Author Topic: BitShares Development Fund using Adhoc Random Boards  (Read 463 times)

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Offline bitmarley

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BitShares Development Fund using Adhoc Random Boards
« on: July 18, 2015, 01:39:25 pm »
I read the paper posted at
https://www.reddit.com/r/BitShares/comments/3dhxda/self_managing_using_adhoc_random_boards_as_a/

There was a section therein which described crowd funders maintaining control of funds using a protocol of randomized juries. This sounds excellent especially since control is weighted by Stake. I'd be willing to contribute to such a fund for BitShares development if it existed. Basically it sounds like funders could maintain control over expenses through a system of rolling randomized juries that act as a temporary board for authorizing fund transactions. The end of the paper mentions an idea to extend bitcoin multi-signature accounts to be controlled by rolling juries/boards. Will someone do this with bitcoin and beat us to the punch? Is there anyone else that thinks BitShares could benefit by implementing such a protocol?


Offline BunkerChainLabs-DataSecurityNode

Re: BitShares Development Fund using Adhoc Random Boards
« Reply #1 on: July 18, 2015, 02:38:13 pm »
I read the paper posted at
https://www.reddit.com/r/BitShares/comments/3dhxda/self_managing_using_adhoc_random_boards_as_a/

There was a section therein which described crowd funders maintaining control of funds using a protocol of randomized juries. This sounds excellent especially since control is weighted by Stake. I'd be willing to contribute to such a fund for BitShares development if it existed. Basically it sounds like funders could maintain control over expenses through a system of rolling randomized juries that act as a temporary board for authorizing fund transactions. The end of the paper mentions an idea to extend bitcoin multi-signature accounts to be controlled by rolling juries/boards. Will someone do this with bitcoin and beat us to the punch? Is there anyone else that thinks BitShares could benefit by implementing such a protocol?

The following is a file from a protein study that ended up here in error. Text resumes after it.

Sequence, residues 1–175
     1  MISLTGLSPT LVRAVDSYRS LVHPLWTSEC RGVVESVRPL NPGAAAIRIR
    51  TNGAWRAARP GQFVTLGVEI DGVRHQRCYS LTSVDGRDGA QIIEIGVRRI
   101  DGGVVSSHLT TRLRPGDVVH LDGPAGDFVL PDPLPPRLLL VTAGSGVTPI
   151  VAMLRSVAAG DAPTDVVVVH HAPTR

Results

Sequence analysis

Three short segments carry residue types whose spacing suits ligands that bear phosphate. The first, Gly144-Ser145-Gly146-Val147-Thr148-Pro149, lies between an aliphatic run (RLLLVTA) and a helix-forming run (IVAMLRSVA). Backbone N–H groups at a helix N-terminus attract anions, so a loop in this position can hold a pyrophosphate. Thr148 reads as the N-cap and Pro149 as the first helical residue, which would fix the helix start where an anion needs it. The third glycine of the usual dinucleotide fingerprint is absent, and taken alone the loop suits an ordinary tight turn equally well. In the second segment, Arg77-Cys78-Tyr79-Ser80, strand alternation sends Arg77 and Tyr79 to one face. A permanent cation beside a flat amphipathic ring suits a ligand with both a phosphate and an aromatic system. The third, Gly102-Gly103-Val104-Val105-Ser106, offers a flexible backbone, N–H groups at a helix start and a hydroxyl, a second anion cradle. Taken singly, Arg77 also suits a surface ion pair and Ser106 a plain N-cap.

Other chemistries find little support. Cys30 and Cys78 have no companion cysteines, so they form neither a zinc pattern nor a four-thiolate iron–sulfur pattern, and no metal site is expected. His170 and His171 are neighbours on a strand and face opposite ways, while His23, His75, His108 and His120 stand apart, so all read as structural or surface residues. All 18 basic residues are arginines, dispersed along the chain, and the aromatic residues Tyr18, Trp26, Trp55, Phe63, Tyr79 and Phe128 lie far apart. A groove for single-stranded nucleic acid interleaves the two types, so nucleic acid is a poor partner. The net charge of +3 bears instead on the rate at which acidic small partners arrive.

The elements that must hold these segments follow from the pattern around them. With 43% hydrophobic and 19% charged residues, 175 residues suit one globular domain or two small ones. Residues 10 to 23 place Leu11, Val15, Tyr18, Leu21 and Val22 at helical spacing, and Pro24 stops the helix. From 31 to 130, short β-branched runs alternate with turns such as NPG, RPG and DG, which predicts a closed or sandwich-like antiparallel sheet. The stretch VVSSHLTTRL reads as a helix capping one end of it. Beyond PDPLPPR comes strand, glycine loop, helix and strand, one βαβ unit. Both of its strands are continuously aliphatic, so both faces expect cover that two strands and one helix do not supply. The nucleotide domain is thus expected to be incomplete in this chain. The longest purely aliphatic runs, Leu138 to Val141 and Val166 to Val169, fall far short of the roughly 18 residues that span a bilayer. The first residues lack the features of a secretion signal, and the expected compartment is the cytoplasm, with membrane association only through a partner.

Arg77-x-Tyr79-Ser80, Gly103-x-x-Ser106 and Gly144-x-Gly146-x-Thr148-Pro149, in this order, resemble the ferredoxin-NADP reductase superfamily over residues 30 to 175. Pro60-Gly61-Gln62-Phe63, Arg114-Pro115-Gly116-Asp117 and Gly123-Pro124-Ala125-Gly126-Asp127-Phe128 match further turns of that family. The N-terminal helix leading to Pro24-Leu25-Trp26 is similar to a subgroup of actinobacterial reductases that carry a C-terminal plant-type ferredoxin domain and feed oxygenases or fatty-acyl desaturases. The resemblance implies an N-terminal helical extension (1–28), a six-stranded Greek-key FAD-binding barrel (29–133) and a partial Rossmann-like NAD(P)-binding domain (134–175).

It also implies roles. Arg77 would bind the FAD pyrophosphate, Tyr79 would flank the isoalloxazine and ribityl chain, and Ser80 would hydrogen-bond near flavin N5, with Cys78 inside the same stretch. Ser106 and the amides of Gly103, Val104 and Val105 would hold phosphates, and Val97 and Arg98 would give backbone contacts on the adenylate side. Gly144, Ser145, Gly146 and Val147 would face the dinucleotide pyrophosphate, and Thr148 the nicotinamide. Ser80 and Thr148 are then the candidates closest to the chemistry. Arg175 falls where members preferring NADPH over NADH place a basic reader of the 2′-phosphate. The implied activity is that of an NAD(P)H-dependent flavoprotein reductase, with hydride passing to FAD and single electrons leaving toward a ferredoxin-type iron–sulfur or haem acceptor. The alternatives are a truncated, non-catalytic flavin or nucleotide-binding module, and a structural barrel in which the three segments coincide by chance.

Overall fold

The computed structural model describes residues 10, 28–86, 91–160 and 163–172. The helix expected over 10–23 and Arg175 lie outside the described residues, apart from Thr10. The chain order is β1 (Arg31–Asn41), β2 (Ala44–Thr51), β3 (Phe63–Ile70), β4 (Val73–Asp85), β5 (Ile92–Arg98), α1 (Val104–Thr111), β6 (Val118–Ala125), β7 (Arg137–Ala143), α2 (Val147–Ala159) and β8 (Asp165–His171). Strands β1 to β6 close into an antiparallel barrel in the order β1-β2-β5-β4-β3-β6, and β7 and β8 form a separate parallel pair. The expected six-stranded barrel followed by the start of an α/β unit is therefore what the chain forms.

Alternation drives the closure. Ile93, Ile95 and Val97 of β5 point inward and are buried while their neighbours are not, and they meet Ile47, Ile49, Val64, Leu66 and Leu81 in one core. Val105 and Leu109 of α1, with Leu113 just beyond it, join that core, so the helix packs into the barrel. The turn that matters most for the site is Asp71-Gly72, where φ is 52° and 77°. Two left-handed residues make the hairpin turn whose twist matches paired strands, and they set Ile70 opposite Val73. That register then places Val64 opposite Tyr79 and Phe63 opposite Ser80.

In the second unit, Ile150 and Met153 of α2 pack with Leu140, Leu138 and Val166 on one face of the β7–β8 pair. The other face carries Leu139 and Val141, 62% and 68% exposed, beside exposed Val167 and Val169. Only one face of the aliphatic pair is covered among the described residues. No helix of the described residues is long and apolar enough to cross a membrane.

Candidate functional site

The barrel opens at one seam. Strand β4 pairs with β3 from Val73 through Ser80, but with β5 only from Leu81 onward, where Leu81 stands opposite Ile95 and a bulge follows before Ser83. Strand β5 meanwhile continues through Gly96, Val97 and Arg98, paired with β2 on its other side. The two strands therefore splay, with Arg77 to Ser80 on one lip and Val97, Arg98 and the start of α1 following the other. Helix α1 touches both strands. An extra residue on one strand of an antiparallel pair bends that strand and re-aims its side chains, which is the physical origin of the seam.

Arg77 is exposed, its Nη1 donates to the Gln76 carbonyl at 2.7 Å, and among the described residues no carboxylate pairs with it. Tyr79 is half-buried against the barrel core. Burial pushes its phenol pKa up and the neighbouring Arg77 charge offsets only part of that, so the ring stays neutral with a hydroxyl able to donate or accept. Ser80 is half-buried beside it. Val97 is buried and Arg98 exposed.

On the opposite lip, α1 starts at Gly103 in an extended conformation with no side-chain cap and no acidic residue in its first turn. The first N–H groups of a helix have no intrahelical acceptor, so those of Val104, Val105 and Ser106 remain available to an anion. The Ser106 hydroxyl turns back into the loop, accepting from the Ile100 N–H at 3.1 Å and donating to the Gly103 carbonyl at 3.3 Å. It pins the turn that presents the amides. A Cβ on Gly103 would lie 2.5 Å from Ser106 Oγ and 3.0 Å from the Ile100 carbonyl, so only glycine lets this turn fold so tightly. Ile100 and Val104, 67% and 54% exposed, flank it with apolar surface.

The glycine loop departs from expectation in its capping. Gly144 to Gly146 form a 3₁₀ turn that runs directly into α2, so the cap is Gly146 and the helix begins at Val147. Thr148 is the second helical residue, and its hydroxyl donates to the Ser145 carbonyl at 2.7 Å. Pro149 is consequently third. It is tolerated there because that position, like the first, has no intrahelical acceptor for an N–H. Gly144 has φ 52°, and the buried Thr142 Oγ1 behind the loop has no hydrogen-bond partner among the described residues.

We are more likely to have the technology in time.. but the term 'beat us' is relative to whom ever might choose to make sure an offering on 2.0. It is going to be a 3rd party offering using the 2.0 platform for this. So if we really want to see something like this come to life, best to start assembling the team and putting plans together that incorporates BitShares.

Just thinking out loud.. it might even call for a separate chain if we want to not make them randomized but voted in members.. another 101 so to speak of 'witnesses' that would act as a board.

Or save the trouble of going through all that, and perhaps work with already trusted witnesses in bitshares... create a worker proposal that would make witnesses part of this board directive for funds... maybe more likely delegates on second thought.  Anyways.. there are options.. but the bottom line is getting a team together to plan and execute.
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Offline bitmarley

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Re: BitShares Development Fund using Adhoc Random Boards
« Reply #2 on: July 18, 2015, 03:59:25 pm »
Also just thinking out loud.......the interesting thing I liked about the protocol described in the paper was that since the voting boards are adhoc and changing randomly only a few stakeholders need to contribute at any time. The existing voting requires all stakeholders to be interested all the time in order to deliver voting that produces the best results. This is unrealistic as all stake holders can't always pay attention to who are the best delegates. But instead if I can commit to occasionally sharing the effort along with others who have a significant BTS stake to vote, then analysis behind voting will be much higher quality. In this way good delegates/projects/expenses should quickly be funded. And bad ones should always be quickly rejected.

For example, you need to get your bunker mining delegates voted up. But probably a lot of stake holders are out of reach or don't have time to prioritize to analyzing your offer and voting for your delegates even though its in their best interest. With the randomized boards described in the paper a group of stake holders could could have a random group of 10 or so (it says board sizes are customized) to control their votes. So these 10 board members who temporarily represent a large block of BTS stake holders and have immediate authority for a large voting block.

So as a delegate you can now directly communicate with a small group of decision makers to present your offer for faster access to funds. You wouldn't need to spend so much effort to "get the word out". The stake holders benefit too because good opportunities are not missed due to the analysis work load of voting.